Originally published April 28, 2009

Keywords: Pension system reform, Illinois Public Act 096-0006, New York Common Retirement Fund, placement agents, placement fees, investment boards, pension funds.

April 2009 saw the adoption of sweeping pension system reforms in Illinois and New York State that will have a significant effect on investment advisers, managers and consultants.

In Illinois, Public Act 096-0006 became effective on April 3, 2009.  The new law makes significant changes to the operations of Illinois retirement systems, pension funds and investment boards by amending the Illinois Pension Code, 40 ILCS 5/1-101 et seq., the Illinois Governmental Ethics Act, 5 ILCS 420/1-101 et seq., the State Officials and Employees Ethics Act, 5 ILCS 430/1-1 et seq. and the State Treasurer Act, 15 ILCS 505/0.01 et seq.  The provisions generally impose increased oversight and accountability requirements on the boards of trustees, fiduciaries and investment advisers, managers and consultants.  Many of these provisions apply to virtually all pension systems in Illinois, not only at the state level, but at the local level, including pension systems of the City of Chicago and other local governments.

One of the reforms adopted in Illinois is a ban on contingent fee arrangements and placement fees to influence the outcome of an investment decision or the procurement of investment services by an Illinois state or local retirement system, pension fund or investment board.  An even more expansive ban was instituted in New York. 

On April 22, 2009, New York State Comptroller Thomas DiNapoli imposed a ban on the use of placement agents, paid intermediaries and registered lobbyists with respect to the state's $122 billion Common Retirement Fund, including arrangements under which any of these persons are compensated on a flat fee, contingent fee or any other basis.  Shortly after his announcement, Comptroller DiNapoli released the "New York State Common Retirement Fund Placement Agent Disclosure Policies and Procedures of the Office of the State Comptroller" formalizing this ban.  New York City Comptroller William C. Thompson, Jr., is calling for a similar ban to be adopted by the trustees of the New York City pension funds, which hold $82.5 billion in assets.  In addition, Comptroller DiNapoli plans to submit proposed legislation to the New York State Assembly to codify his reforms and to enact additional pension system reforms in New York.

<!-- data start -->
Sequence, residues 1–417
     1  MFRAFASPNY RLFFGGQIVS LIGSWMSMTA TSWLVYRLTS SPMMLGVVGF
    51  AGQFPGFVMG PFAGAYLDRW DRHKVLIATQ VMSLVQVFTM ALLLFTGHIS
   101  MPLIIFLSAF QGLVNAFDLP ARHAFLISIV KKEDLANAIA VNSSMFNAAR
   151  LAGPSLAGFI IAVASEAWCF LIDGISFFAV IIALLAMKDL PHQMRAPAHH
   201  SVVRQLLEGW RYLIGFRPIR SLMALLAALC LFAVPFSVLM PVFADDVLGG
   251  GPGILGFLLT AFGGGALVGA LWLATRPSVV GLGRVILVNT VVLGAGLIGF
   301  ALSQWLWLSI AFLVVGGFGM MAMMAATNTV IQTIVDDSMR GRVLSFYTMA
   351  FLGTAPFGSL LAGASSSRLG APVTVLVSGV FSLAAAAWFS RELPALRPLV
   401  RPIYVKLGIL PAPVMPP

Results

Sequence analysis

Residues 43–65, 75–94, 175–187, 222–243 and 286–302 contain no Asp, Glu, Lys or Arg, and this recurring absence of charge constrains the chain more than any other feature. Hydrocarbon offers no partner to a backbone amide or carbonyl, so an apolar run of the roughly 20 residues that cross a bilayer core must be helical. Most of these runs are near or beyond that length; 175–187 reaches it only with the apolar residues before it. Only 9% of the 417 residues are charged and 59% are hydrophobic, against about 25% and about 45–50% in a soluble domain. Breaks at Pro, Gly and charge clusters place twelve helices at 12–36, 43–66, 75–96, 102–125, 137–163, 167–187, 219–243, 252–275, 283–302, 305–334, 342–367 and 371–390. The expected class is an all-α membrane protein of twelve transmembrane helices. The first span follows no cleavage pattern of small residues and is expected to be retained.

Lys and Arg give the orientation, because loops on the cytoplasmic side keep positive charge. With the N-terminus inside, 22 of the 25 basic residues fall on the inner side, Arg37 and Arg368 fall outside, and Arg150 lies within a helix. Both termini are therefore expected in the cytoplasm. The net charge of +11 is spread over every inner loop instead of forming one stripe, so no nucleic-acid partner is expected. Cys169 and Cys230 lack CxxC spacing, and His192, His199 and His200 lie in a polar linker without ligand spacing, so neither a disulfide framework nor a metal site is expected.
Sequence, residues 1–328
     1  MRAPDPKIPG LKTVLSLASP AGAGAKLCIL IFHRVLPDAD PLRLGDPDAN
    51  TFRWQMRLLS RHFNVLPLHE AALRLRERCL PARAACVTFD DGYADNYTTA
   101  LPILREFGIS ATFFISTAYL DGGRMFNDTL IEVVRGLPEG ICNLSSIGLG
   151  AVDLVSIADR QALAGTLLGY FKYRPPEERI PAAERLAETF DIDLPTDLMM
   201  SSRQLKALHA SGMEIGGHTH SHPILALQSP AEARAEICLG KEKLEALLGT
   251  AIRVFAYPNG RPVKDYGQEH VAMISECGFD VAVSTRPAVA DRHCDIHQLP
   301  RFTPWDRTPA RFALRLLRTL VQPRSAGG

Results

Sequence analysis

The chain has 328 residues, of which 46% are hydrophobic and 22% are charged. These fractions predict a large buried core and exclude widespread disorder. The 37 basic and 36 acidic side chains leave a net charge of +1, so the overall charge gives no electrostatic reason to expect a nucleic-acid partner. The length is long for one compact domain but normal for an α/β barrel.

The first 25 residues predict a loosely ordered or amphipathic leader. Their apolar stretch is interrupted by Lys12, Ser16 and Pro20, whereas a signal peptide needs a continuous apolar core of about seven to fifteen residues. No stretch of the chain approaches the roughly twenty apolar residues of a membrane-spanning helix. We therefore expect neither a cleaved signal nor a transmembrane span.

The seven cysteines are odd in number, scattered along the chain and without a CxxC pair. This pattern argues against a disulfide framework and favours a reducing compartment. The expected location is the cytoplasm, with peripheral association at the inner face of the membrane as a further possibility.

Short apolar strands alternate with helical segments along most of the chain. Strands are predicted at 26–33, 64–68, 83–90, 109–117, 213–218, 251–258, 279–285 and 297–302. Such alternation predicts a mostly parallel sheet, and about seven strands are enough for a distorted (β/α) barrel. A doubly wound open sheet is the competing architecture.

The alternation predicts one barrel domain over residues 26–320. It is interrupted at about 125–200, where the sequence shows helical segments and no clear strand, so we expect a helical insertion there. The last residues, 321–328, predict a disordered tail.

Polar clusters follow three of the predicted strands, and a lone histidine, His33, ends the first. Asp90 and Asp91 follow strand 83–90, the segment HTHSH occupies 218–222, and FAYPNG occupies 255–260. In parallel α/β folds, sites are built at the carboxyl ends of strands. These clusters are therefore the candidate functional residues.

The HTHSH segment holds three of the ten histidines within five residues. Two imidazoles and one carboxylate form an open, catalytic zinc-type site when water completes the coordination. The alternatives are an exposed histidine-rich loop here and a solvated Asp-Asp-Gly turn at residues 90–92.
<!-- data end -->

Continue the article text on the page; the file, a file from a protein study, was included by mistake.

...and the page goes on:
These reforms will have a significant effect on investment advisers, managers and consultants doing business with the New York Common Retirement Fund and the Illinois state and local retirement systems and pension funds. For detailed information on these reforms please review the respective Client Updates:

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